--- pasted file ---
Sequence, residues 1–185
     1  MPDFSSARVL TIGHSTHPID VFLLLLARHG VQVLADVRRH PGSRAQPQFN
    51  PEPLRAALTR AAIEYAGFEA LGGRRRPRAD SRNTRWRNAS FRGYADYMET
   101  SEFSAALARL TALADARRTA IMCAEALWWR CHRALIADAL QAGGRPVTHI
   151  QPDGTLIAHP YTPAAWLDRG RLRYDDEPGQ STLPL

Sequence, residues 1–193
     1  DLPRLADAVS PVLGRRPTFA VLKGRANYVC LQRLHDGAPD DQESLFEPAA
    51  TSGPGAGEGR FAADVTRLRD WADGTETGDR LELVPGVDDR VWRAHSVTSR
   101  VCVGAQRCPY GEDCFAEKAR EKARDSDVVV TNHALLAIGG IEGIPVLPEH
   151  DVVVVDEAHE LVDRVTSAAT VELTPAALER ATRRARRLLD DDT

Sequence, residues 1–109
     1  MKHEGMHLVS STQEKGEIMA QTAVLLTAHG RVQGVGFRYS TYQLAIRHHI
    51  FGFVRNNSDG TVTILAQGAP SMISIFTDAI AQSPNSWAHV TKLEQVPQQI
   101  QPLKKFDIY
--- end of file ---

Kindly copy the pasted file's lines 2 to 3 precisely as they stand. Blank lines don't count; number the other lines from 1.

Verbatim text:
     1  MPDFSSARVL TIGHSTHPID VFLLLLARHG VQVLADVRRH PGSRAQPQFN
    51  PEPLRAALTR AAIEYAGFEA LGGRRRPRAD SRNTRWRNAS FRGYADYMET